Reflections from A Wider Circle

Sibley Plaza is a public housing apartment building exclusively for elderly and disabled residents located in northwest DC. While the mission of A Wider Circle is to lift children and adults out of poverty, at this location their mission is more specific. They want to make the residents of this building and others like it live a dignified life and to establish human connections. Our team visited Sibley Plaza on our first site visit and helped clean up the community garden, which was finished earlier this year. Throughout the day, we met and talked with many of the residents, working alongside of them, or sitting down to talk. On Tuesday we met with Liz Anne our community coach, and Beverly our resource coach. As we discussed elderly populations, the things that are most important to them, and their most common needs we began to realize that we had already witnessed and experienced some of these issues on our first day at Sibley.

We learned from Beverly and Liz Anne that many elderly people simply want to tell their story, that a main issue they face is stress management, and that over the age of 65 the average number of health problems is three. While working in the garden at Sibley, Olumide asked one of the residents the simple question of how her day was. In response she told him every detail about how she had cleaned her apartment. It was clear that she was very happy having someone to sit down with and talk about what she had done. When Liz Anne asked another resident about her day she described her trip to the doctor where she had multiple tests and was relived that they had come back negatively. Multiple health problems seemed to be an issue with many residents as well as their willingness to discuss them. These examples were common experiences among everyone in our group, and we were surprised and excited about how open and eager everyone was to talk with us.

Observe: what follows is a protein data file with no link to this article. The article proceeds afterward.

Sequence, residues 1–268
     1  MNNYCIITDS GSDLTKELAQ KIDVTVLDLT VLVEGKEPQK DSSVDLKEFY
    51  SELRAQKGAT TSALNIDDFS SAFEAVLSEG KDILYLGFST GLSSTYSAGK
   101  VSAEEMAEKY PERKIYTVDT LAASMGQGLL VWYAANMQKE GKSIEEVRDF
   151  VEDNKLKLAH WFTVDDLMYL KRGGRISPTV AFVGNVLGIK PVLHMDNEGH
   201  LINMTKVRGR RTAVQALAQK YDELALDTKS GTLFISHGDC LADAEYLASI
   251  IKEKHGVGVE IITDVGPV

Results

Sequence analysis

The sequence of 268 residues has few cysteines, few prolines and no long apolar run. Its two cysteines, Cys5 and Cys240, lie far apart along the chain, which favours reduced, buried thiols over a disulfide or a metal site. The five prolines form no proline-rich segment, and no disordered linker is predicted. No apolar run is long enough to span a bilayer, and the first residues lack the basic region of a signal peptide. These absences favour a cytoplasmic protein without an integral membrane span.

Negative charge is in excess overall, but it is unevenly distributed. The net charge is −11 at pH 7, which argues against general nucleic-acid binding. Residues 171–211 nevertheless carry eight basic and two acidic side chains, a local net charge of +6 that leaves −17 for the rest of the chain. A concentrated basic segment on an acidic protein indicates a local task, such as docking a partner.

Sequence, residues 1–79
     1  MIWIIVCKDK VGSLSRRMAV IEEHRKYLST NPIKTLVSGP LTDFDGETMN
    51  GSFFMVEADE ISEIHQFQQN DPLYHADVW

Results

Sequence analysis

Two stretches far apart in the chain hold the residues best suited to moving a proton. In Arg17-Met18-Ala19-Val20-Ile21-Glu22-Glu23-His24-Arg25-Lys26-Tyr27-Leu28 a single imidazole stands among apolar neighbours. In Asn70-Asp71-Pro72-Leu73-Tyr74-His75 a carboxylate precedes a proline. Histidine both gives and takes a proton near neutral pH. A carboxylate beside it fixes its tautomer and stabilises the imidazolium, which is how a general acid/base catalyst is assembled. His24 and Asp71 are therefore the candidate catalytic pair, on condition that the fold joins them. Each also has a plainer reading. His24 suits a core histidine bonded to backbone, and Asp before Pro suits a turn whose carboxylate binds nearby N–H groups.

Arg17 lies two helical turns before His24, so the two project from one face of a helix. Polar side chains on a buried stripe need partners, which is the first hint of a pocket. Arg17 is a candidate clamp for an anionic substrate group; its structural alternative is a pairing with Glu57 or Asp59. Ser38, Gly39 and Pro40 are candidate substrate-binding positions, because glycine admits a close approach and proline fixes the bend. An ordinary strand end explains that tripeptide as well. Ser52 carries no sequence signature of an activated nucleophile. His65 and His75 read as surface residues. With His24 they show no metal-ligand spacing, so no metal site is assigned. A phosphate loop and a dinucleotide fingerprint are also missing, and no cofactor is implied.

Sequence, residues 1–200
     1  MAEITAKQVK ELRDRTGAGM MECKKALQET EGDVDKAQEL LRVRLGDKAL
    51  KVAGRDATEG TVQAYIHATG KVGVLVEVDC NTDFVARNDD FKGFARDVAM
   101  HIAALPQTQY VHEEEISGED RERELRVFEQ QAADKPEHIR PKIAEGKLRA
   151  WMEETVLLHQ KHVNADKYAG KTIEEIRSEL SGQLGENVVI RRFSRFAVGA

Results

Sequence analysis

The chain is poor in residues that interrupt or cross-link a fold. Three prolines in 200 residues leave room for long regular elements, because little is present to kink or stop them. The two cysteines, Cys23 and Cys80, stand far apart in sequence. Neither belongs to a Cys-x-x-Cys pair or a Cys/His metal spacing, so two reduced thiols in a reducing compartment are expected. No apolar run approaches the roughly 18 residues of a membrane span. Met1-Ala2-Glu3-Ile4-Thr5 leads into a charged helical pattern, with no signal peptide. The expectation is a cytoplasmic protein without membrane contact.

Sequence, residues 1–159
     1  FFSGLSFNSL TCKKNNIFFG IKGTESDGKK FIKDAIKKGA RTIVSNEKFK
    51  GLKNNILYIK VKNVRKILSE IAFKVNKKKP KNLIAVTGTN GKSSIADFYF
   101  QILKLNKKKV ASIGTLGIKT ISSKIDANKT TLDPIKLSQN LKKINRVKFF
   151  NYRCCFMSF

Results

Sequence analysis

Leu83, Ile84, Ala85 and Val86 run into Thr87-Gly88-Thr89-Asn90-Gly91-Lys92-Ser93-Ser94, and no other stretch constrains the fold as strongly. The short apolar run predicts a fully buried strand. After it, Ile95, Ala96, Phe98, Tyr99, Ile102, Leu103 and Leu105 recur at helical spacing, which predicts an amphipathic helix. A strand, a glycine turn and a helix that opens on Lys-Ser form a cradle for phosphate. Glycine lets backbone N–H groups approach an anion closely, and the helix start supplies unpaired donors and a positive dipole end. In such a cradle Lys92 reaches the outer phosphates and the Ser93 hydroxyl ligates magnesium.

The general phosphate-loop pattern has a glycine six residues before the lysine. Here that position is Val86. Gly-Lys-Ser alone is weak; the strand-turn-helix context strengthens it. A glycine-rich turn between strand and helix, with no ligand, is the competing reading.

Many of the residents came out and worked alongside of us in the garden. More than once, residents pointed out their parts of the garden, and even instructed us about how to care for their plants. It was clear that they were proud of their small plots and took great care to make sure everything was growing properly. This was reinforced by Liz Anne when she described how much the garden has helped bring people together and how it has given them something to really take pride in. Beverly also talked a lot about how some activities can be seen as something to simply fill up a person’s day, but the greatest accomplishment is providing something that makes people feel meaningful and engages them in their own stage of development. The garden is definitely accomplishing this as well as giving residents an outlet for their stress.

Through our trip to Sibley and our team meeting we were able to associate our real life experiences with the thought provoking discussion. Being able to interact with the residents before we learned about the problems they face introduced a human aspect that is critical when going into people’s lives. Through our reflections it was clear that we were all have a great respect for the residents of Sibley and are hoping to provide something meaningful, fun, and dignified for them.


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One Response to Reflections from A Wider Circle

  1. Jen T. says:

    Sounds like a really fun way to get to know your site and the residents! And from some of the senior centers I have visited, I would agree that most older adults really relish the chance to talk to people (especially students) and tell their story! Great start, guys!

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